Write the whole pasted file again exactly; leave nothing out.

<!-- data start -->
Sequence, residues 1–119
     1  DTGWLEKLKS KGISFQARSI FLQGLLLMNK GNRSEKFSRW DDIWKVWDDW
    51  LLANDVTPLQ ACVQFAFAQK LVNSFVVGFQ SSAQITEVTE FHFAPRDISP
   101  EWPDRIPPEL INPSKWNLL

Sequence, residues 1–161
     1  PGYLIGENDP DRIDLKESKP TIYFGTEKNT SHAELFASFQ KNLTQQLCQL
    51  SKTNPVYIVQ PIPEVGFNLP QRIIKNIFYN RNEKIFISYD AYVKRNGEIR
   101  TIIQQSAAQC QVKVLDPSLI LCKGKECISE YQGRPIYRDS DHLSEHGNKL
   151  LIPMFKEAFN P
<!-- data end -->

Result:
Sequence, residues 1–119
     1  DTGWLEKLKS KGISFQARSI FLQGLLLMNK GNRSEKFSRW DDIWKVWDDW
    51  LLANDVTPLQ ACVQFAFAQK LVNSFVVGFQ SSAQITEVTE FHFAPRDISP
   101  EWPDRIPPEL INPSKWNLL

Sequence, residues 1–161
     1  PGYLIGENDP DRIDLKESKP TIYFGTEKNT SHAELFASFQ KNLTQQLCQL
    51  SKTNPVYIVQ PIPEVGFNLP QRIIKNIFYN RNEKIFISYD AYVKRNGEIR
   101  TIIQQSAAQC QVKVLDPSLI LCKGKECISE YQGRPIYRDS DHLSEHGNKL
   151  LIPMFKEAFN P